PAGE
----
PC Expo, Mac World, Comdex, etc..

Arsen Ray Arachelian rarachel at prism.poly.edu
Thu Mar 3 11:32:01 PST 1994

That internet guy who handed out the flyer was in NYC. at the
last internet expo at Javitz.  I don't know how much setting
up a booth would cost, however, doing it that way is not
as effective as simply handing out disks to every Joe Yuppie
who goes out the door.

People will visit whatever booths they are interested in.
However someone handing out disks as to those who walk out
is far more likely to get the disks accepted as they are
freebies.  Especially if the target is ignorant to crypto
and Billary. :-)

At some point he may try the hypertext thinggie, if it
sparks some interest he may look and use the software. If
he doesn't recycle the disks, he may pass them on to
others...  At some point some big cheeze will get his
hands on it, and start worrying about how the WireTap
act, Clipper and other issues may affect his company.
(Don't forget to include a mention that we suspect
that Clipper has other back doors beside the key-escrow
and "Imagine how much damage a hacker who tripps over
this back door can do to your COMPANY!!!  The old FUD

Disks, in bulk are cheap and we can get them preformatted.
I have (a long time ago) written a disk image duplicator
program called DIM (BTW: I lost the sources to the most
recent version, so I don't plan to update it anymore) but
we can use it to mass duplicate disks.

If we could get just four-five folks in every expo to
chip in $20 do the duplication and distribution, we
can have an effective awareness raising campaign..

MEI Microcenter sells preformatted (DOS) disks in bulk
for $0.39 cents!  Two $20 contributions can buy about
100 disks!  That's quite a lot of people to wake up.

The biggest problem is designing the software to be
in the form of animation so it'll be watched.  Plain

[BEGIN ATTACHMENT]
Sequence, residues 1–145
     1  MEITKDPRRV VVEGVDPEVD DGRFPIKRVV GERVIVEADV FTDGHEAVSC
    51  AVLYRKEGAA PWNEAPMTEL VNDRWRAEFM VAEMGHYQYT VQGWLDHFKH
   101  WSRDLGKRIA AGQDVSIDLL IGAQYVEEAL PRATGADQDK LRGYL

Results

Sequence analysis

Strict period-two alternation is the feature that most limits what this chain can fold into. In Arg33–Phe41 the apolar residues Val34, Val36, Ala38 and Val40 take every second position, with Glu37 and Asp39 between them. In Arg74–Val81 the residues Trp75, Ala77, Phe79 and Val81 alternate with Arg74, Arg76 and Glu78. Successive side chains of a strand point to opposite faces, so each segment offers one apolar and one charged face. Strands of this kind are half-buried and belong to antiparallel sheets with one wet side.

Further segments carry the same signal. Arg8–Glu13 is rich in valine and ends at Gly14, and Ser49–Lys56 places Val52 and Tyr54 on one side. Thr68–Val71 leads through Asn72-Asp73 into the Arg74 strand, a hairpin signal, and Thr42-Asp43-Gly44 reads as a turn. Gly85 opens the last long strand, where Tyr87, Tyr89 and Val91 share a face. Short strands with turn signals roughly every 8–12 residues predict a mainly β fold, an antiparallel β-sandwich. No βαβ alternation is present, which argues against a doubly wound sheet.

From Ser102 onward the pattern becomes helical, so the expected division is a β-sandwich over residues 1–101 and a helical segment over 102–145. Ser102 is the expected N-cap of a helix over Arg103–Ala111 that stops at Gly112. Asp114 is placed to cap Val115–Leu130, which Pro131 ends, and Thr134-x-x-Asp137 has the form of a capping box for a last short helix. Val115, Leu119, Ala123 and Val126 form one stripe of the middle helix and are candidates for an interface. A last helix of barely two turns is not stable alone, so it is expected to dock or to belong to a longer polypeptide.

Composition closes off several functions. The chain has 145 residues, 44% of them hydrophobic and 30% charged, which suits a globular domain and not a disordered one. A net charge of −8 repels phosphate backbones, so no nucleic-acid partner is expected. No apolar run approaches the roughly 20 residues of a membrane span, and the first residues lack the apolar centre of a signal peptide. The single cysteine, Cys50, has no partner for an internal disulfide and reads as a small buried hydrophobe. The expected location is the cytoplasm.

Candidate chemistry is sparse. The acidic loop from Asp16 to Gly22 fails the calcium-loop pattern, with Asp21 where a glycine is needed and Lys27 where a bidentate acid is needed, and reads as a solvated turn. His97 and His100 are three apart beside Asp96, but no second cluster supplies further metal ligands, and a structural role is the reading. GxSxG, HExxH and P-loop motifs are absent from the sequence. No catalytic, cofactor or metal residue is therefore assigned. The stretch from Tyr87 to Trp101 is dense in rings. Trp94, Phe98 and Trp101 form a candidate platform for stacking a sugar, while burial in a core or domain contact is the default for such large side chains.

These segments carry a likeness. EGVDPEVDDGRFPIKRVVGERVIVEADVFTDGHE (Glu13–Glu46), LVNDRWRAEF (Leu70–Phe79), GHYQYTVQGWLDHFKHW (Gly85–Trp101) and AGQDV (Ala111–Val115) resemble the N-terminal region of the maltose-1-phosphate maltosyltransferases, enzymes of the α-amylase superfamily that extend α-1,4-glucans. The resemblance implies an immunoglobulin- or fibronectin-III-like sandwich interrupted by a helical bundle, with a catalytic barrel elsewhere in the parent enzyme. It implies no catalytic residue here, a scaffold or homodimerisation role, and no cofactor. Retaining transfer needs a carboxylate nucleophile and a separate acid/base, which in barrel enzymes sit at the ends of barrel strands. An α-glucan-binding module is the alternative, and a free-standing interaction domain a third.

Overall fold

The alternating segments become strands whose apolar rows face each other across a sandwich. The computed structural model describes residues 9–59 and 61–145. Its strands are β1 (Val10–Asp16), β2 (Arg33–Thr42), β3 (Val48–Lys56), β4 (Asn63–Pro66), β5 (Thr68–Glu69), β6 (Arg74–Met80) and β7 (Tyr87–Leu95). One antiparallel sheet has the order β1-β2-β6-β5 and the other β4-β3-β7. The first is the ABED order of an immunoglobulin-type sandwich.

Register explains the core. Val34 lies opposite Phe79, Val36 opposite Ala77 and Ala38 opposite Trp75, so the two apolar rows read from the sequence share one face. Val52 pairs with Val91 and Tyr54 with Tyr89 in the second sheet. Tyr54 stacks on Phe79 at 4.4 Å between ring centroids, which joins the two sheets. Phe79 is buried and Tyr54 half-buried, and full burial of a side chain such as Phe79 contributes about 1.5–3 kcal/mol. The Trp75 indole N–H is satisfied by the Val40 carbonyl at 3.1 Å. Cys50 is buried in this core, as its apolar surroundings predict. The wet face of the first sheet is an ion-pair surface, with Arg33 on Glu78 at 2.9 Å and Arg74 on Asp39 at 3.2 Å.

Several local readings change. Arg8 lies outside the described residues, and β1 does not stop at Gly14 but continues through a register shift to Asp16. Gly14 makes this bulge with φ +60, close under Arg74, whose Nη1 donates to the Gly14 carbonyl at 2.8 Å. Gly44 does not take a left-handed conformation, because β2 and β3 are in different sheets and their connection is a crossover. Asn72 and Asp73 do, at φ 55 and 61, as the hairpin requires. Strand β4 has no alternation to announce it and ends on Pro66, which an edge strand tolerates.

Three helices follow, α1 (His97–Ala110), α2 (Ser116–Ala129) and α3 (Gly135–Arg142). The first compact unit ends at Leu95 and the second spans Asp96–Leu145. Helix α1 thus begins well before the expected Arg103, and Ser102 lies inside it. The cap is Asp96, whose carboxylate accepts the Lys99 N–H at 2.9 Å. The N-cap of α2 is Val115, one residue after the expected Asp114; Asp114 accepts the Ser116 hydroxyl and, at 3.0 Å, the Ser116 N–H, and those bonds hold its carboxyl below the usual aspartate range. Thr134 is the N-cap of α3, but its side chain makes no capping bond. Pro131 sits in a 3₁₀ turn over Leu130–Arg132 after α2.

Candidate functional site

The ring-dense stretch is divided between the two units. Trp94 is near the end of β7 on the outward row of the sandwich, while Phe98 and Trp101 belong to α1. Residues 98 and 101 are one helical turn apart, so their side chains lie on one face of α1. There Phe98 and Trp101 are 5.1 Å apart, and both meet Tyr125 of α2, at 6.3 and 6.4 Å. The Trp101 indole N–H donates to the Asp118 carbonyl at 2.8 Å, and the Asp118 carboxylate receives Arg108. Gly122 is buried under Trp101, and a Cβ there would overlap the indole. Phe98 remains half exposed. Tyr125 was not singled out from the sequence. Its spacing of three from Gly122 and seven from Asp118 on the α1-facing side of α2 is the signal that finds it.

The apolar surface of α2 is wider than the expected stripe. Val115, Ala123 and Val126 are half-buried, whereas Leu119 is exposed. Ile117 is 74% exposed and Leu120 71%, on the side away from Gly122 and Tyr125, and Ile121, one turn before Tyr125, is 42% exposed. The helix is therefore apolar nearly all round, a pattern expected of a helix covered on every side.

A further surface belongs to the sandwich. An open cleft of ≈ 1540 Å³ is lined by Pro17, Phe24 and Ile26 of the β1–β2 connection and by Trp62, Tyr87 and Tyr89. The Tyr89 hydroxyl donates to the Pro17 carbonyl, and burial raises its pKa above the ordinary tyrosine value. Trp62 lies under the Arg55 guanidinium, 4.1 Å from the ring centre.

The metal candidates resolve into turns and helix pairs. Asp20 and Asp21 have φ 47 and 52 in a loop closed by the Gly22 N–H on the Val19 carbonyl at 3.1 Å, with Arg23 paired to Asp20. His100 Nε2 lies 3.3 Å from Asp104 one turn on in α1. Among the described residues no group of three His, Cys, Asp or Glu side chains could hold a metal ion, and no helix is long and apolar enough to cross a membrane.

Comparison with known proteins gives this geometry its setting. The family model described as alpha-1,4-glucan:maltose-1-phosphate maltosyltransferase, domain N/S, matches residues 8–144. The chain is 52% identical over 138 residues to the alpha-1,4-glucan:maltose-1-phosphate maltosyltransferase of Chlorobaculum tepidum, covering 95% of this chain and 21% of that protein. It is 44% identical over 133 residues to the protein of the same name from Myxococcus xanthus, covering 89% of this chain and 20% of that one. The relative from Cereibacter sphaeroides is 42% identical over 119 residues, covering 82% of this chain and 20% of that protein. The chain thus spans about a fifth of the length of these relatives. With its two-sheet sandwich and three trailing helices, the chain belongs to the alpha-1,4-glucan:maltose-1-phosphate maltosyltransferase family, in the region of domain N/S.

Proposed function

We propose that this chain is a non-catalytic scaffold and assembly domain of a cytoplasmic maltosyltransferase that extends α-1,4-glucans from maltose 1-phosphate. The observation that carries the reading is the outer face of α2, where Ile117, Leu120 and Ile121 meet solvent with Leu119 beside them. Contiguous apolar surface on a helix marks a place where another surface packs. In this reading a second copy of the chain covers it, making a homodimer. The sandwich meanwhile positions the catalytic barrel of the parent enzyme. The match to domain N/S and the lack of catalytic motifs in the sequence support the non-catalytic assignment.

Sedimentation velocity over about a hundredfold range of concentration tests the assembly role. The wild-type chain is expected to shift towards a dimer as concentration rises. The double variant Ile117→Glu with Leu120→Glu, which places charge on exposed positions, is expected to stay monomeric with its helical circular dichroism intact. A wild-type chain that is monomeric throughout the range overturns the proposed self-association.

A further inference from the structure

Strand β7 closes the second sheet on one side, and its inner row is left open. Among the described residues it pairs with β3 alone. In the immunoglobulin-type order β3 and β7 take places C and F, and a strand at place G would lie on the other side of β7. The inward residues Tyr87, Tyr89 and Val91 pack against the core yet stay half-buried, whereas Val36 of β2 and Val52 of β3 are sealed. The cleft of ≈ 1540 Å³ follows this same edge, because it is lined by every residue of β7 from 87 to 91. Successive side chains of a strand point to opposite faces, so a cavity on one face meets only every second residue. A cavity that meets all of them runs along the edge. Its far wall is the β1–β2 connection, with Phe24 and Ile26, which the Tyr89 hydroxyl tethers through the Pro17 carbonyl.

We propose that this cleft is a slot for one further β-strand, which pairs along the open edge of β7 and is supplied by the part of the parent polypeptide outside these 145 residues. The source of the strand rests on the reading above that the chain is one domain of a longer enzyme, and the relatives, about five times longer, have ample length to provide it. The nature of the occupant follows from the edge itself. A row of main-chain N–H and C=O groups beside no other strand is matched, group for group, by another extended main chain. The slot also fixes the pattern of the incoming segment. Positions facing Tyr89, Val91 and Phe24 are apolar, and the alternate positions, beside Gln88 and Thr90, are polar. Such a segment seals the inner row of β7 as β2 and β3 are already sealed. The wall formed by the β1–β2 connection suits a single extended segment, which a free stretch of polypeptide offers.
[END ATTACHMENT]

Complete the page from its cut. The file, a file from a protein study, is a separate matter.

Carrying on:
text is nice too, but not everyone has the time to
read.  Most folks like TV and like to vegetate
infornt of the TV.  If we can have a self running
animated demo of sorts (without having to install
to the guys hard drive!) and still have enough room
for neat stuff like PGP and SecureDrive and such, we
have got it made.

Another issue is printing flyers to go with the disks
so we can get them interested in viewing/copying the
disks.  (Perhas include a program to duplicate the
disks on the demo disk so that the DOS virgins can
spread the disk...)

Also, we need to have professional looking labels on
the disks.  I'd be weary of accepting a disk that
has a cheap looking label.  My 1st reaction would be
"Is this a trojan???"  Quality control and virus
checking MUST be included in the package.  Perhaps
when the program 1st runs it can do a CRC of all
the files on the disk to make sure that they have
not been altered and tell the viewer of this...

Once we have the collection of programs ready, I can
ftp a disk image over to a few FTP sites so that other
cypherpunks can join in on the fun.  (Also a postscript
file for the flyers and such...)

1st things 1st, I reccomend that Secure Drive 1.3x
and PGP 2.3x and PGPShell are on the disk.  Are 
there any other crypto packages that your average y
yuppie, (possibly ODS virgin) would find useful?

Remember that we need enough space on the disk to
include clipper articles.  We probably can't distribute
the New York Times articles, so we'll have to write
our own (and insert the FUD factor!!!)  We need
to write/use a freeware hypertext/hypermedia
program to list, print, and extract those files.

A small disk copy program can be included which would
simply read in the whole disk, ask the viewer for a
blank, formatted disk and write to it.  We can use
the user's hard drive for temp space (check the
DOS TEMP variable 1st!) possibly XMS and EMS so
that the user doesn't have to swap disks.  Batch
files are neat but may not always work right on
every machine.  Keep in mind that with the DOS
wars we can't use any special features found in
any DOS above 3.30 (DR DOS, IBM DOS, MS-DOS, etc.)

We should use EGA/CGA for the demo, (check for EGA
and use it!) and use highly compressed, or better
yet vector images for the animation so that we
don't fill up the disk quickly.

We could use text mode graphics and ANSI like
pictures, but we'd need our own display program
as not all machines have ANSI installed, and
we can't ask a DOS virgin to do that.  We also
don't want to modify the user's hard drive if
we can help it as that would keep their fears down.

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